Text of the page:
Elon Musk explains what happened to Tesla Model Y Standard Range
In a few words, the Model Y Standard Range got the "$35,000 Model 3" treatment.
It all started with Gran Turismo. From those early PlayStation days, Sean was drawn to anything with four wheels. Prior to joining the Roadshow team, he was a freelance contributor for Motor Authority, The Car Connection and Green Car Reports. As for what's in the garage, Sean owns a 2016 Chevrolet SS, and yes, it has Holden badges.
This week brought a new
mystery, after the automaker quietly removed the Model Y Standard Range from its public configurator. The move came after the model was officially available for order via the website for less than two months, and got a $2,000 price drop last week. Needless to say, we joined prospective Tesla buyers in wondering what the hell happened.
himself provided an explanation Monday evening after a Twitter user asked the Tesla boss what's going on. In Musk's words, "it's still available off menu." If that approach sounds familiar, it's because Tesla used it with the infamous "$35,000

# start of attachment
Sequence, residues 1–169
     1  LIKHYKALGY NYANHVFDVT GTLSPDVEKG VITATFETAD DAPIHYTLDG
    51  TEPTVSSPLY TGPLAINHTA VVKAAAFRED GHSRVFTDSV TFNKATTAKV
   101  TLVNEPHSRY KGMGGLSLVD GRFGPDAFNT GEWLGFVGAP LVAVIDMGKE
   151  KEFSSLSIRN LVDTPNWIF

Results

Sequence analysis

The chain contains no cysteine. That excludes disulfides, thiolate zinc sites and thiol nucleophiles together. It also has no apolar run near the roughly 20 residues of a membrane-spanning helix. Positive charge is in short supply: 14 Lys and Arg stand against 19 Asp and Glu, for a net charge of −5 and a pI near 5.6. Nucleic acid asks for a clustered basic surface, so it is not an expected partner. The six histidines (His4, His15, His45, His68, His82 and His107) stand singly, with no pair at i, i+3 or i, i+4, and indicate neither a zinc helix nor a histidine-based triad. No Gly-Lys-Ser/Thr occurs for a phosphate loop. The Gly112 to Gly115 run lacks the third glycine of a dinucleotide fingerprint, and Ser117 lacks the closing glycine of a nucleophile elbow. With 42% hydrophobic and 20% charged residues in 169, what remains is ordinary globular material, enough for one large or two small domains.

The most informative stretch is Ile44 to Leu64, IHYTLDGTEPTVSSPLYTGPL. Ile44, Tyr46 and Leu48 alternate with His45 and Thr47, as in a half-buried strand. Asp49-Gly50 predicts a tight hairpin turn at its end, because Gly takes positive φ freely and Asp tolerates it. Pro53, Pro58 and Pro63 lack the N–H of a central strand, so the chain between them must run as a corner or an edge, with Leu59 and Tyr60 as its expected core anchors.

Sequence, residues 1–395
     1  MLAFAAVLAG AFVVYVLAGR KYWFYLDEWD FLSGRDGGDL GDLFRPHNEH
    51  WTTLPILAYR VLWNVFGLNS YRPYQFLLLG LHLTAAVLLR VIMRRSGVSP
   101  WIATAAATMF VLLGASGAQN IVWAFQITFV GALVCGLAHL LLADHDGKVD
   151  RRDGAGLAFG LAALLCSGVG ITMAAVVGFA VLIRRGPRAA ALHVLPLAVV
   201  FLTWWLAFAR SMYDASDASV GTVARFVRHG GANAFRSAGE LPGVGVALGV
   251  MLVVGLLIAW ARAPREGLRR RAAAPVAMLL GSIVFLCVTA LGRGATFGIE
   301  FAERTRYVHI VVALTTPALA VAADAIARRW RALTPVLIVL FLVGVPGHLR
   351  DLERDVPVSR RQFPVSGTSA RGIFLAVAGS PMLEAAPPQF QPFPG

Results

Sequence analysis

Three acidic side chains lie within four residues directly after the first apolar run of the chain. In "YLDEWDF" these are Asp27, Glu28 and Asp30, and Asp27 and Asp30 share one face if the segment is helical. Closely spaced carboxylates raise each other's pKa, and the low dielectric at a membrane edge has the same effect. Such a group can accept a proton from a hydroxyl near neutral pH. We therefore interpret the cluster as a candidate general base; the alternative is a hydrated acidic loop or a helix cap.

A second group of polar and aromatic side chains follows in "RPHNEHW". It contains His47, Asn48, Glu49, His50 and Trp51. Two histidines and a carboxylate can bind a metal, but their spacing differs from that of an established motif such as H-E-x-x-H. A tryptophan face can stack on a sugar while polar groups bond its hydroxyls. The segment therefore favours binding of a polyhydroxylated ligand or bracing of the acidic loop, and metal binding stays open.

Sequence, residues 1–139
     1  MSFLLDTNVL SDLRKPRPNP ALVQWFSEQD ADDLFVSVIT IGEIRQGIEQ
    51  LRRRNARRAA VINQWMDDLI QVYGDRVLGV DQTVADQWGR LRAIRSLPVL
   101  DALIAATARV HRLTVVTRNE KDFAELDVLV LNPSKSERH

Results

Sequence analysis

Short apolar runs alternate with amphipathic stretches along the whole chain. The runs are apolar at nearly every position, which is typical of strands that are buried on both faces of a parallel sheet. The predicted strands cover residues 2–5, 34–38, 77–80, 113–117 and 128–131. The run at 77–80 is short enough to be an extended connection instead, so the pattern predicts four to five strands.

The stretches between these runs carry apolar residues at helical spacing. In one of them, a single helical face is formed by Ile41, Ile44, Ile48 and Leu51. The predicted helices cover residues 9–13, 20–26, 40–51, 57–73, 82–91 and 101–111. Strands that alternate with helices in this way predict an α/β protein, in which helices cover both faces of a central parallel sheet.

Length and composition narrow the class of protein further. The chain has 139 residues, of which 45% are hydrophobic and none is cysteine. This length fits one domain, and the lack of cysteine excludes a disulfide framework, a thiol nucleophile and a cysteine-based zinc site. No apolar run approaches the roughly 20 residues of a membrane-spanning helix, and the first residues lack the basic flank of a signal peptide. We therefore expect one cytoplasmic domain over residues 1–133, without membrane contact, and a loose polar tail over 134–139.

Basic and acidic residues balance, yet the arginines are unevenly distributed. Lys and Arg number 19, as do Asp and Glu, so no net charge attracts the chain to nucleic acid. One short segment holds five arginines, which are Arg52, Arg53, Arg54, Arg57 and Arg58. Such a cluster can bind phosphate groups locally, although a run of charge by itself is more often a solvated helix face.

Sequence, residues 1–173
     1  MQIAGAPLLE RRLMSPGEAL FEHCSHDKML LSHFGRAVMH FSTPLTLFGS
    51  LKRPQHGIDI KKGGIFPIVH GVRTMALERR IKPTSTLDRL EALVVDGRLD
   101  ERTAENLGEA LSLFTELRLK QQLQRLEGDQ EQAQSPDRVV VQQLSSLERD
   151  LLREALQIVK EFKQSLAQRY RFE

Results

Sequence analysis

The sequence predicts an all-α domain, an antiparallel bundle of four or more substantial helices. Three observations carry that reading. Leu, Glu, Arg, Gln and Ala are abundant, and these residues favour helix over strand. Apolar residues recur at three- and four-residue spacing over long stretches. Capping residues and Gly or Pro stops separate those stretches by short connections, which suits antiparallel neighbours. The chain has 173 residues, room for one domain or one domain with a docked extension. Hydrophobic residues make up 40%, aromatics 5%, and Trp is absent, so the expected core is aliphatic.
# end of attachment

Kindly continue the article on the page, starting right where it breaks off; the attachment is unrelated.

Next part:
." After some hoopla and fanfare welcoming the affordable EV's arrival, the electric sedan disappeared from the online configurator and became available for order by phone or in person. Effectively, Tesla didn't want to sell the particular version of the Model 3. Today, it's gone altogether.
Adding more context, Musk said in the same tweet, "I don't think the range, in many drive conditions, yet meets Tesla's standard of excellence." This seems to play back into Musk's thinking last year when he announced we weren't getting a Model Y Standard Range at all. Yet, this past January, the vehicle made a surprise debut online with a 244-mile estimated range. Musk in 2020 said the Model Y Standard Range would likely sport an "unacceptably low" 250-mile range, so he was on the money with that estimate. It sounds like Musk and friends had a change of heart. Or, it's another one of Tesla's epically creative no-money-spent marketing stunts.
If you're hoping for a reprieve in the form of a cheaper Model Y Long Range RWD, Musk shot that idea down in a followup tweet saying there's "too much product complexity" in Tesla's lineup as it stands. So, if you want a cheap Model Y, pick up the phone or head to a Tesla retail store. You won't see the company making any effort to sell the $39,990 electric SUV outright.